What’s Currently Cookin’

We bought a stove last night. For all the time I’ve been at 118 Henry Street, we’ve not had a cooking stove, just a small microwave. The Hucks’ had an electric stove that they were determined to take with them. My determination, pretty much from day one, was to have a gas cooking stove. Like so many of my ambitions and visions for 118 Henry Street, this was not something that could just be “bought”.

The kitchen remodel done in the 1970’s was very much a snapshot of the stylistic vision of the time. That is to say, dark, mass produced, and painfully bland. The old kitchen chimney with its original thick, cool skin of plaster was completely covered in plywood and drywall. The heart pine floor, covered once long ago with real linoleum, was covered again with a layer of particle subflooring and urine yellow colored vinyl. The original cabinets, sink, and/or counters were completely erased and replaced with dark wood veneer cabinets available at any discount construction supply store. As best I could tell, only a small shelf and the door/trim molding remains from 1921. Even the original panel doors were discarded and replaced with hollow core, veneer door-a-likes. I suppose that, rather than cut the old doors to fit the new floor height, it was “easier” to replace them.

Don’t get me wrong, it’s not that I disliked the kitchen. I flatly hated it. Way too much like the brick ranch ghettos that I had escaped.

The raw capacity of my distaste was most blantantly expressed when I removed that icon of the 1970’s kitchen: the stove island. Of course, every remodeled kitchen must have miles and miles of counterspace and volumes and volumes of cabinets. Unfortunately for the design vision of the 1970’s, the kitchen at 118 Henry Street was laid out and sized in 1921. Actually, as 1921 kitchens go, it is a large and “modern” one. With all the available wall space taken up with miles and miles of counterspace and volumes and volumes of cabinets, there was only one place to put the electric range: the middle of the floor.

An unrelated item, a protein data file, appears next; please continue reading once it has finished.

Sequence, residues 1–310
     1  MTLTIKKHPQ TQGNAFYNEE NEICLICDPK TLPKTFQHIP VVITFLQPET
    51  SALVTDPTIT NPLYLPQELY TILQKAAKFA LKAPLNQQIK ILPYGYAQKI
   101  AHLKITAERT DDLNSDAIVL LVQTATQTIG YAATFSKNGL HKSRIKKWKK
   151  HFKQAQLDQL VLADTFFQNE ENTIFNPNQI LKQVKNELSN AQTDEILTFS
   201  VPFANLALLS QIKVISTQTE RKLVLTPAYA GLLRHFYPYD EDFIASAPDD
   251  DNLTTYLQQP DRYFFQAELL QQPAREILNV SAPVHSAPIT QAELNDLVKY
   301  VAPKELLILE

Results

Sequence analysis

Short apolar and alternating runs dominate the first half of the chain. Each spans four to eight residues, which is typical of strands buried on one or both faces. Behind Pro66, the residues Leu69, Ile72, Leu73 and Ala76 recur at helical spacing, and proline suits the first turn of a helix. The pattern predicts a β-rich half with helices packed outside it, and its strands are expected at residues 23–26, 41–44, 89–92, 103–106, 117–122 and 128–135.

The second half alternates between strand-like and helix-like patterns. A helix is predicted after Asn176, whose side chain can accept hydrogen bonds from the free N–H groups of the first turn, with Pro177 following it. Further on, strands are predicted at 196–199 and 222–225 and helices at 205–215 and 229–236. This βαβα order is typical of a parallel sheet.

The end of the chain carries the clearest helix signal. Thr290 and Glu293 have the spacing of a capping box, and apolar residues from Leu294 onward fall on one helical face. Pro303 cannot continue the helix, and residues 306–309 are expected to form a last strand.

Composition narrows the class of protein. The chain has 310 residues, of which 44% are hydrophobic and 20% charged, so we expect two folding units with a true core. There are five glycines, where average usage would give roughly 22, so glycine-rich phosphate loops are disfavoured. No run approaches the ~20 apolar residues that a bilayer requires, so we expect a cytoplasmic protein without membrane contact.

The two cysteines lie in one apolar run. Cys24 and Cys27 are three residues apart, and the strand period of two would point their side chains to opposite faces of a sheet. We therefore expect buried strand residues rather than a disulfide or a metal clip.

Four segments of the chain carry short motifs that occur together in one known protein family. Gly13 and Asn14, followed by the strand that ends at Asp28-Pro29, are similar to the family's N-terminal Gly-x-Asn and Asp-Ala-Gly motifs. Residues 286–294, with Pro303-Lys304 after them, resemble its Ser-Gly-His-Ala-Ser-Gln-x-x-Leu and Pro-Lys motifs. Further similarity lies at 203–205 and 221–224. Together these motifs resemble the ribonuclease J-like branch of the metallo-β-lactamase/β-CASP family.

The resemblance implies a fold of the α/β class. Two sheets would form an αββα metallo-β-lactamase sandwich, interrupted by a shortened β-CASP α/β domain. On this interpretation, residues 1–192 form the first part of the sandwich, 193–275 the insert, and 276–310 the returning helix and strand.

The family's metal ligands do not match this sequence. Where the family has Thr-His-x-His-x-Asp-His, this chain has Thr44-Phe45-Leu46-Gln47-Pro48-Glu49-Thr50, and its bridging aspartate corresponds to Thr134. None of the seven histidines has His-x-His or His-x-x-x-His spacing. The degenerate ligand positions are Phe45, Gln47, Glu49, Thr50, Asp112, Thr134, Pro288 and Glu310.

Suffice to say, the Reverend Rufus Morgan, when he designed 118 Henry Street did not design the kitchen to have the cook stove in the middle of the room. As such, the stove island and its hanging cabinets, completely disrupted the walking flow of the kitchen and used up every remaining bit of space.

I attacked the island with a vehemence completely out of character with the reverent, respective demolition I’ve done to any other part of the house. The cats ran and hid, DeShawn fled to the playroom and was not the least interested in the violence revealing itself in his safe zone. By the time I was done, I was sick to my stomach and the house, clearly, was upset.

The first Mrs. Hucks died of cancer about 3 years before I bought 118 Henry Street. When I was removing the built-up closets in the master bedroom, Lilly Boyd told me she remembered Ms. Hucks very sick in the bed, the closets on either side of the bed’s headboard. Alec (Elliott) and Lilly Boyd have lived at 117 Henry Street since the 50’s and were good friends with the first Ms. Hucks. Ms. Hucks would bring Lilly and Elliott sweets on the holidays. At the time of my purchase, I asked my realtor why J. B. seemed so anxious to sell the house. “Anxious” as in “jumpy” or “physically agitated”. My realtor, an older lady, replied with the pragmatism and practicality of her experience: “Because of the current Mrs. Hucks”.

118 Henry Street has always spoken very deeply to me. Carole, my fiance’, has no doubt that the history of the house still resides here. We are very blessed that the history has mostly been good. I felt very badly, not so much about the fact that I removed the kitchen island. But more about the anger that I let overcome me. Since that day, no matter how much I shake my head at the repair decisions of any former residents, no matter how short-sighted or tasteless their vision, those days belong to them. Not to me.

What about the stove? We’re making arrangements to go pick it up in Uniontown, PA. It, like me and 118 Henry Street, is a relic. We’ll know more shortly.